More than 10,000 students graduated in May and June from area high schools and colleges, which should help local employers struggling to fill positions in a post-Covid world.
With the Charleston-North Charleston unemployment rate as low as 2.4%, just about everyone counted as a possible worker has a job. Now with an influx of new bodies — including more than 7,000 new high school graduates — we hope local employers will be able to benefit by filling job openings from the new pool of talent.
As we tip our hat to new graduates, we encourage them to take advantage of wages that often are more than double the minimum wage. Compared to previous waves of new high school graduates who faced low-paying entry-level positions, it’s not uncommon for similar positions now to pay $15 to $20 per hour, transforming a once-anemic starting wage for subsistence living into a real living wage.
New high school grads, particularly those who forego college immediately, can join area companies in everything from hospitality to service jobs and should be able to earn more than $40,000 a year with some company training. That’s a far cry from jobs that used to pay half as much. For the 3,000+ new college grads,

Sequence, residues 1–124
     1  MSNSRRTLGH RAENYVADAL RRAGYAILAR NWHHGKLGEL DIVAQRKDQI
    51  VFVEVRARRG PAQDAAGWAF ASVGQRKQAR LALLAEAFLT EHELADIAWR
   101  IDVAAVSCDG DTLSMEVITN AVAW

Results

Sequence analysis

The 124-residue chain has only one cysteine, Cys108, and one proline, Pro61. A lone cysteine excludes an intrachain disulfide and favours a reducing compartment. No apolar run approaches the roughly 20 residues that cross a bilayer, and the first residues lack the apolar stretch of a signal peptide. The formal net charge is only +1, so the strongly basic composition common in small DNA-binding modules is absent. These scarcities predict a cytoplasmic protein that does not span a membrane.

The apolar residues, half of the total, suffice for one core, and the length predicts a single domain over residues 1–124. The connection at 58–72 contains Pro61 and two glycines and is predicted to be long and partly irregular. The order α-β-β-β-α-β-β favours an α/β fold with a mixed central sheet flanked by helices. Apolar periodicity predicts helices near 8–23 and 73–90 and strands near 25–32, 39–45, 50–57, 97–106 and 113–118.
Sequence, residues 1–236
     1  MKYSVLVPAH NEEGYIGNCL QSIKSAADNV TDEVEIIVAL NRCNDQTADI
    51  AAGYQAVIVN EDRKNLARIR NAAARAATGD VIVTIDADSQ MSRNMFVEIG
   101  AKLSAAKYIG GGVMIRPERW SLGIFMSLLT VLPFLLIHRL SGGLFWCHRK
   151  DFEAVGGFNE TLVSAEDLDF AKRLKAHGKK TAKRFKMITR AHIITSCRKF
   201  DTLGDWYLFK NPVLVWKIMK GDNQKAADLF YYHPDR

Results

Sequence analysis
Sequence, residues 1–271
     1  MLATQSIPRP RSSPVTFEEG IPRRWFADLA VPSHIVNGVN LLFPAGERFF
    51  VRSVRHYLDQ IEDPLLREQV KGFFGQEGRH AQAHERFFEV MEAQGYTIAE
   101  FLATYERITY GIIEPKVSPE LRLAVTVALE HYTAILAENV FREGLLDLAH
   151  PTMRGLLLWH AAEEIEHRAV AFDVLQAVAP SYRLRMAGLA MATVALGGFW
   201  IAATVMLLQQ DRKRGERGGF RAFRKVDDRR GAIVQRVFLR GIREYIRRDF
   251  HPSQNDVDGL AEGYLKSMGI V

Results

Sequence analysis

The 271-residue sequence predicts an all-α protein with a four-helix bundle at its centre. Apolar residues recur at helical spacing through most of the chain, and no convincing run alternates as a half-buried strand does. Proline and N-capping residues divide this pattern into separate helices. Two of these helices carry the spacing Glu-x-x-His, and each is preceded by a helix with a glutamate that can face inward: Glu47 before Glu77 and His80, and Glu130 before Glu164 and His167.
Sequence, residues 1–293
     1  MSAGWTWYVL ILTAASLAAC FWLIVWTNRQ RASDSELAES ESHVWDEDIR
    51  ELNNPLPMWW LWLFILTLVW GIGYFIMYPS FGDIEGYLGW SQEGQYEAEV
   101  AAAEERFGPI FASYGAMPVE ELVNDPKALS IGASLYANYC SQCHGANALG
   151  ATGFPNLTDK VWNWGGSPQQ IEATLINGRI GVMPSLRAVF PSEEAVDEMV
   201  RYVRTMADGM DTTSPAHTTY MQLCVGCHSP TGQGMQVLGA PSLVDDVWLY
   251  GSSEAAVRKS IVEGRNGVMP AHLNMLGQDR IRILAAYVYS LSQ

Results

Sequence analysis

the salary opportunities are even better.
Todd Vollertsen, owner of Southpaw Softwash in Ridgeville, told City Paper special projects editor Herb Frazier that he hopes higher starting salaries will bring more people “to us so we can get better-qualified applicants. Good labor is not cheap, and cheap labor is not good.”
Even better: If new employees work full time and get additional training at Trident Tech or other educational institutions, they could move up the salary scale even more quickly than in years gone by.
Local employers struggling for workers after the whack of Covid-19 generally have had limited labor options — either import talent from outside the area, which is expensive and often cost-prohibitive, or find help from new graduates, local middle-aged people who have taken themselves out of the workforce to care for kids or older relatives, or retired workers who want to boost fixed incomes. The latter two options remain, but new graduates offer real hope for a local job market craving help that will relieve stress on existing workers.
So hats off to new graduates. And let’s hope they become the rays of hope that local employers are seeking to allow them to meet the needs of customers and expand their businesses as we move beyond the pandemic.
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